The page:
The AMA was asked by legalization activists to revisit its decades-long opposition to legalizing assisted suicide, specifically, to distinguish between suicide and the the euthanasia movement’s favorite euphemism, “aid in dying.”
Big mistake. The Ethics Committee reiterated its opposition to legalization in full, with some wisdom worth recounting here.
First, the AMA rejects the nonsense that assisted suicide somehow isn’t suicide. From “Report of the Council on Ethical and Judicial Affairs,” CEJS Report 5-A-18 (my emphasis):
The council recognizes that choosing one term of art over others can carry multiple, and not always intended messages. However, in the absence of a perfect option, CEJA believes ethical deliberation and debate is best served by using plainly descriptive language.
Exactly what I have been saying. But I digress:
In the council’s view, despite its negative connotations, the term “physician assisted suicide” describes the practice with the greatest precision. Most importantly, it clearly distinguishes the practice from euthanasia. The terms “aid in dying” or “death with dignity” could be used to describe either euthanasia or palliative/ hospice care at the end of life and this degree of ambiguity is unacceptable for providing ethical guidance.
Yes! But of course, those are the very reasons activists want to use the term.
The opinion also notes that the “guidelines will prevent abuse” meme hasn’t exactly worked in Netherlands and Belgium:
Although cross-cultural comparisons are problematic, current evidence from Europe present a cautionary tale. Recent findings from studies in Belgium and the Netherlands, both countries that permit euthanasia as well as physician-assisted suicide, mitigate some fears but underscore others. For example, research in the Netherlands has found that “requests characterized by psychological as opposed to physical suffering were more likely to be rejected…At the same time, however, among patients who obtained euthanasia or assisted suicide, nearly 4 percent “reported only psychological suffering.”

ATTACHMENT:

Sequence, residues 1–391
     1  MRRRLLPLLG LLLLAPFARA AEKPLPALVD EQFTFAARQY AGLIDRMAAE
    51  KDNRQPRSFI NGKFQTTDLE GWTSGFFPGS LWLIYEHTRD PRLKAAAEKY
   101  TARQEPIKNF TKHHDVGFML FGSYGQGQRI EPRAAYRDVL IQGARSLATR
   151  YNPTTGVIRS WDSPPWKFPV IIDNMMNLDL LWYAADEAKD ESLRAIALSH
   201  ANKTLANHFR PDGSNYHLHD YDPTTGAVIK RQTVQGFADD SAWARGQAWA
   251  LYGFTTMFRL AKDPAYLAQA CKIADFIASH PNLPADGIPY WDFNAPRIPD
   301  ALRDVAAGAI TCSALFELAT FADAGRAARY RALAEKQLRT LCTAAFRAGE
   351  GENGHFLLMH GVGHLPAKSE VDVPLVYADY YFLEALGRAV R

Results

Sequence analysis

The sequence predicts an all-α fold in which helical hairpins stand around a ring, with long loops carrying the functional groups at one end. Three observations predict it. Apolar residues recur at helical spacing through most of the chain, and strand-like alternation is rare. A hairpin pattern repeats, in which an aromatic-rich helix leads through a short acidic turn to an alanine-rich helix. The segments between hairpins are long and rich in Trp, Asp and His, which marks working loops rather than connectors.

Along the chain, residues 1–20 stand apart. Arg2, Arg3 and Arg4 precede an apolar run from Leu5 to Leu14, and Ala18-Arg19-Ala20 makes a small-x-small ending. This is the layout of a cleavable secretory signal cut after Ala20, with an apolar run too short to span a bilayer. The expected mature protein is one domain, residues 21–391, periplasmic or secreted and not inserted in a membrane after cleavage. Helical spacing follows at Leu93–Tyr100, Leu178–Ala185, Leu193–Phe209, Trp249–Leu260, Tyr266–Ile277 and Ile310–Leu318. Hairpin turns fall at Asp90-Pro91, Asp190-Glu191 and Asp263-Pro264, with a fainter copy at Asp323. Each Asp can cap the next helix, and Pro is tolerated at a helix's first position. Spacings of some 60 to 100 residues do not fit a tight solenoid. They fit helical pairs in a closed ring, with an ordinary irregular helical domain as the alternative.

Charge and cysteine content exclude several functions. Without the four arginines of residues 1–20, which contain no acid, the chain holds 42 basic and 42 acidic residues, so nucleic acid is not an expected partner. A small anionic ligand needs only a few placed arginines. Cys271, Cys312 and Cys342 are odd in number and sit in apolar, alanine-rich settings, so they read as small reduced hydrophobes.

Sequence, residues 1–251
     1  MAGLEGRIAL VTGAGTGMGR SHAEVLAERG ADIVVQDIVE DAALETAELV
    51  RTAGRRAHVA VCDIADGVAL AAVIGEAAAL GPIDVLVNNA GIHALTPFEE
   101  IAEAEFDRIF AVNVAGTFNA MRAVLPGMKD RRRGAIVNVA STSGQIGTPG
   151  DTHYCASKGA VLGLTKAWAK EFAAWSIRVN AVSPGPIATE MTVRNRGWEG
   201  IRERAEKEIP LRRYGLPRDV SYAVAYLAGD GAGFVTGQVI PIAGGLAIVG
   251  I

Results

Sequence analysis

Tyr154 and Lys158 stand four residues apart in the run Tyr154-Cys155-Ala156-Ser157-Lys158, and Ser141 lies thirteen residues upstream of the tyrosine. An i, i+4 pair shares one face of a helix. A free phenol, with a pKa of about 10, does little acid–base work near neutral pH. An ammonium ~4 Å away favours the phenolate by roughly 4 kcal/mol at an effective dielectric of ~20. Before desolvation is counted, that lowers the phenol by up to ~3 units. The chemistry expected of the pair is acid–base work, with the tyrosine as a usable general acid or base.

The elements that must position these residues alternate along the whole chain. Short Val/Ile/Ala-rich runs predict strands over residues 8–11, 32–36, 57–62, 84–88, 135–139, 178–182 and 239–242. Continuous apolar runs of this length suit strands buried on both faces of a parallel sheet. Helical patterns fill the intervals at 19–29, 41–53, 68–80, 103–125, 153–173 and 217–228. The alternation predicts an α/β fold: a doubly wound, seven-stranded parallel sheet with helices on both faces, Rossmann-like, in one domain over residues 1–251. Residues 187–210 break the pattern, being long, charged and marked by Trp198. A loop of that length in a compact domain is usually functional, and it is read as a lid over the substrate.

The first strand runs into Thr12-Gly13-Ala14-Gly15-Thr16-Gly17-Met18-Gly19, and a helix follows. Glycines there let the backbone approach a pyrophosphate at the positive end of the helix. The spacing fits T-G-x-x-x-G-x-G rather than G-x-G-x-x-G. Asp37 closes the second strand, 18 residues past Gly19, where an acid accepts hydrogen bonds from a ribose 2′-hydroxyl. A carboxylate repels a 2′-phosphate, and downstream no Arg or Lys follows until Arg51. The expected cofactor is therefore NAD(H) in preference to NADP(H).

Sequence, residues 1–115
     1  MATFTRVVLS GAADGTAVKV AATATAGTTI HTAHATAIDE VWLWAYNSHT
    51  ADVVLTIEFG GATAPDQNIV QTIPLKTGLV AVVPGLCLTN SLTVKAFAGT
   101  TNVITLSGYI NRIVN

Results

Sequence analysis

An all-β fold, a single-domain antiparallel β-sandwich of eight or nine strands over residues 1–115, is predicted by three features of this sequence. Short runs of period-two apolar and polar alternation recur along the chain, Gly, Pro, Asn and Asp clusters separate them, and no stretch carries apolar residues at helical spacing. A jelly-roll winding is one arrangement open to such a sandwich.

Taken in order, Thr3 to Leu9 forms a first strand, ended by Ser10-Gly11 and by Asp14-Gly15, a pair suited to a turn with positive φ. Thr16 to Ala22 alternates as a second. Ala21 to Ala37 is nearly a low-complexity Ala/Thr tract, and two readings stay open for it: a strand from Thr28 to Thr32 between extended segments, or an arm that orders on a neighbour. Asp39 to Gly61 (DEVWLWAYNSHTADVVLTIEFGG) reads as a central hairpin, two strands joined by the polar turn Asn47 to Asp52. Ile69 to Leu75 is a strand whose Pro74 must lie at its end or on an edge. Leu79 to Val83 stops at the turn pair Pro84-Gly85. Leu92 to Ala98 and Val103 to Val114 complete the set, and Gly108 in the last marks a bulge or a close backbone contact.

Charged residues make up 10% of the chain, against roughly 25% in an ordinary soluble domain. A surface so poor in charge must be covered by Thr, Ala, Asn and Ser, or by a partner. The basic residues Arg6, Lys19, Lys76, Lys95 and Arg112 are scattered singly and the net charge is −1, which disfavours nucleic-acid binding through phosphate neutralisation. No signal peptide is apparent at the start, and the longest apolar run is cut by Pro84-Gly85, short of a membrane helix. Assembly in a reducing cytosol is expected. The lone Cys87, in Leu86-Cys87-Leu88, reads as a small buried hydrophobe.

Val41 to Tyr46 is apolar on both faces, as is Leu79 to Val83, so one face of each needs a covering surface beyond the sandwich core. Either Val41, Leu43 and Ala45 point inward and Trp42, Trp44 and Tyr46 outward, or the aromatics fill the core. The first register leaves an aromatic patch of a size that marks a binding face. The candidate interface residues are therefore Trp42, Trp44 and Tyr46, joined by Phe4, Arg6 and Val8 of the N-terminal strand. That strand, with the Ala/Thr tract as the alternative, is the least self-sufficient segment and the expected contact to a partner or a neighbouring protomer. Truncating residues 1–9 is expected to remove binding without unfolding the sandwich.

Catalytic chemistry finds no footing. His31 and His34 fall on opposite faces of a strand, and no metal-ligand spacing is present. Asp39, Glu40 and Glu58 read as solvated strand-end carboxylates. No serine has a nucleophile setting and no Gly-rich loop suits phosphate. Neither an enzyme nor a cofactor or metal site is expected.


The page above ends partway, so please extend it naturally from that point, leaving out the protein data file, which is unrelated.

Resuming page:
That may be old news. Recently published data show that more than 80 mentally ill patients were euthanized in 2017 in the Netherlands, which happens in Belgium too.
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The report shows that oversight in Netherlands tends to be a rubber-stamp affair, which I assert also happens in Oregon.
Studies have also raised questions about how effective retrospective review of decisions to provide euthanasia/assisted suicide is in policing practice. A qualitative analysis of cases that Dutch regional euthanasia committees determined had not met legal “due care criteria” found that such reviews focus on procedural considerations and do not “directly assess the actual eligibility” of the patients who obtained euthanasia.
A separate study of cases in which psychiatric patients obtained euthanasia found that physicians’ reports “stated that psychosis or depression did or did not affect capacity but provided little explanation regarding their judgments” and that review committees “generally accepted the judgment of the physician performing EAS [euthanasia or physician-assisted suicide]” .
The report notes that quality end-of-life care is unequally available in the country, and is a particular problem for poor populations.
The report concludes:
After careful consideration, CEJA concludes that in its current form the Code offers guidance to support physicians and the patients they serve in making well-considered, mutually respectful decisions about legally available options for care at the end of life in the intimacy of a patient-physician relationship. The Council on Ethical and Judicial Affairs therefore recommends that the Code of Medical Ethics not be amended.
Good. A doctor’s role is to heal, palliate, counsel, and treat. It should never be to help kill.
LifeNews.com Note: Wesley J. Smith, J.D., is a special consultant to the Center for Bioethics and Culture and a bioethics attorney who blogs at Human Exeptionalism.